Delirium After Cardiac Surgery and Predictive Validity of a Risk Checklist

Sandra Koster*, Frits G J Oosterveld, Ab G. Hensens, Arie Wijma, Job van der Palen

*Corresponding author for this work

Research output: Contribution to journalArticleAcademicpeer-review

94 Citations (Scopus)

Abstract

Background: Delirium or acute confusion is a temporary mental disorder that occurs frequently among hospitalized elderly patients. Patients who undergo cardiac surgery have an increased risk of delirium, which is associated with many negative consequences. Therefore, prevention or early recognition of delirium is essential. Methods: In this observational study, a risk checklist for delirium was used during the preoperative outpatient screening in 112 patients who underwent elective cardiac surgery. The Delirium Observation Screening (DOS) scale was used before and after surgery to assess whether delirium had developed in patients. The psychiatrist was consulted to confirm or refute the diagnosis delirium. Results: The incidence of delirium after cardiac surgery was 21%, and the mean duration of delirium was 2.5 days. The time to discharge was 11 days longer for patients with delirium. The delirium risk checklist could accurately predict postoperative delirium in patients who underwent elective cardiac surgery based on a disturbance in the electrolytes sodium and potassium and on EuroSCORE (European System for Cardiac Operative Risk Evaluation). When using a probability of delirium of 50%, the sensitivity of the risk checklist was 25.0% and specificity was 95.5%. The predictive value of a positive test was 60.0%, and the predictive value of a negative test was 82.4%. The area under the receiver-operating characteristic curve was 0.75. Conclusions: With the risk checklist for delirium, patients at an increased risk of delirium after elective cardiac surgery can be identified.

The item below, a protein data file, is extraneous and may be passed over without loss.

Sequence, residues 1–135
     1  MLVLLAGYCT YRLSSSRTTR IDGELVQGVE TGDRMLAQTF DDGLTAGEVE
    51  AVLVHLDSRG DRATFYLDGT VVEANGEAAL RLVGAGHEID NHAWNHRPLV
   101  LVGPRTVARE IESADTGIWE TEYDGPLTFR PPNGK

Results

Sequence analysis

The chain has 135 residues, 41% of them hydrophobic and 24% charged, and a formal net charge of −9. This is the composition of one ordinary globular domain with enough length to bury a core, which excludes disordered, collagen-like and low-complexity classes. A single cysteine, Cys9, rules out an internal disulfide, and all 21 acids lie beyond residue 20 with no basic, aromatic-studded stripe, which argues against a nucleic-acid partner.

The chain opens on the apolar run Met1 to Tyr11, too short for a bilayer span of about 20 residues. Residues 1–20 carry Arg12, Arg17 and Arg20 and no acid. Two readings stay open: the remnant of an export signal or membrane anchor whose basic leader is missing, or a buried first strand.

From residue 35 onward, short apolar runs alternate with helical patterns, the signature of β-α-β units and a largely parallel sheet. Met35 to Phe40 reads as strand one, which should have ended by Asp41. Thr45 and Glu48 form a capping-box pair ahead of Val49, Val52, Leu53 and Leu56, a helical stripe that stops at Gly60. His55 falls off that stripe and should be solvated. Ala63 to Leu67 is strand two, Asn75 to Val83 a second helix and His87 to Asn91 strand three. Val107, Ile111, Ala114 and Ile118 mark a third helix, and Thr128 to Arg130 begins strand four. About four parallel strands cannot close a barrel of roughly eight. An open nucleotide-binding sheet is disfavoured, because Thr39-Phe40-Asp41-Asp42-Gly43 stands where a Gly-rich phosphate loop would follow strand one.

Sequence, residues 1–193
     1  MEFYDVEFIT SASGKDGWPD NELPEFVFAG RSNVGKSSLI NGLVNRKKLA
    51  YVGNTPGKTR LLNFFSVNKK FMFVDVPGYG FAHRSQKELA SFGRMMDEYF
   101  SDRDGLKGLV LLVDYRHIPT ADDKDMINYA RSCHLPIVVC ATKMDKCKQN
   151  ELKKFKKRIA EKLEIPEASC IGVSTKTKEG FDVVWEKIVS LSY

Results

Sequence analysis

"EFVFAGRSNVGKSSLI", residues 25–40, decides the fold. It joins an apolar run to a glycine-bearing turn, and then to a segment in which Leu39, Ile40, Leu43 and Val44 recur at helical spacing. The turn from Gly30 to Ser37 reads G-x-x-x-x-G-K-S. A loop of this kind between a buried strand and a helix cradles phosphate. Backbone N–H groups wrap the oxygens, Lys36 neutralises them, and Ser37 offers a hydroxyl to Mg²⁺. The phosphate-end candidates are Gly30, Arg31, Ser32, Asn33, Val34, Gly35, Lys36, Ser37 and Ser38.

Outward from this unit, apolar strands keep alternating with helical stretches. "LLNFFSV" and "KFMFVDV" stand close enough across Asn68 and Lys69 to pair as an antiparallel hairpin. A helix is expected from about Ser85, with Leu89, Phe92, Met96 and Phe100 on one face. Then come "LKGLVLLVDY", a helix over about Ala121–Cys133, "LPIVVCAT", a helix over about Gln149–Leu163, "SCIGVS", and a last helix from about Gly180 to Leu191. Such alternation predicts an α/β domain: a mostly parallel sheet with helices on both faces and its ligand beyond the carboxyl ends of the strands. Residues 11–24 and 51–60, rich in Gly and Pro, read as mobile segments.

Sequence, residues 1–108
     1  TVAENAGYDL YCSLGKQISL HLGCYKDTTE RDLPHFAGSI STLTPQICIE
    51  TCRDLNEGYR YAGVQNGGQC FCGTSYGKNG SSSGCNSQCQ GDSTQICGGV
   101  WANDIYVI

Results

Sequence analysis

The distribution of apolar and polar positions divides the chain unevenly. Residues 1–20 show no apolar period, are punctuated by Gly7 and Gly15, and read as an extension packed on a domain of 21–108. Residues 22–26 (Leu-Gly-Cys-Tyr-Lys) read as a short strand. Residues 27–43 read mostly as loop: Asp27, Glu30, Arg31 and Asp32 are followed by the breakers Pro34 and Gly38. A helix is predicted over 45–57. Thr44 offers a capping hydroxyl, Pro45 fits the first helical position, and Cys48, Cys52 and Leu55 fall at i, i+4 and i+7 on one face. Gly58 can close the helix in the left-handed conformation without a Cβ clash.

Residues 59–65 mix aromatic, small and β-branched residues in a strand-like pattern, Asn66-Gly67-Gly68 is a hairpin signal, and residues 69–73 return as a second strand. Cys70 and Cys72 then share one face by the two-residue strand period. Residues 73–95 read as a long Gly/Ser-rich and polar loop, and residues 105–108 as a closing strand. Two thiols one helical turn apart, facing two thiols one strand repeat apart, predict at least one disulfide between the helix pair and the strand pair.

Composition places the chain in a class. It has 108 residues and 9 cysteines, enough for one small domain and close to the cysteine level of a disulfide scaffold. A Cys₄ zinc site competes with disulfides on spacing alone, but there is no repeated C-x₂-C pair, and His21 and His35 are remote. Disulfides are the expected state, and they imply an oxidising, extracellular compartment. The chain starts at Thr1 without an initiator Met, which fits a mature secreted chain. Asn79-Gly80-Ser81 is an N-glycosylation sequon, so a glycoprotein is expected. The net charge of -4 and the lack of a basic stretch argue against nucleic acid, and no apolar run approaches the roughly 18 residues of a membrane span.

Original languageEnglish
Pages (from-to)1883-1887
Number of pages5
JournalAnnals of thoracic surgery
Volume86
Issue number6
DOIs
Publication statusPublished - 1 Dec 2008
Externally publishedYes

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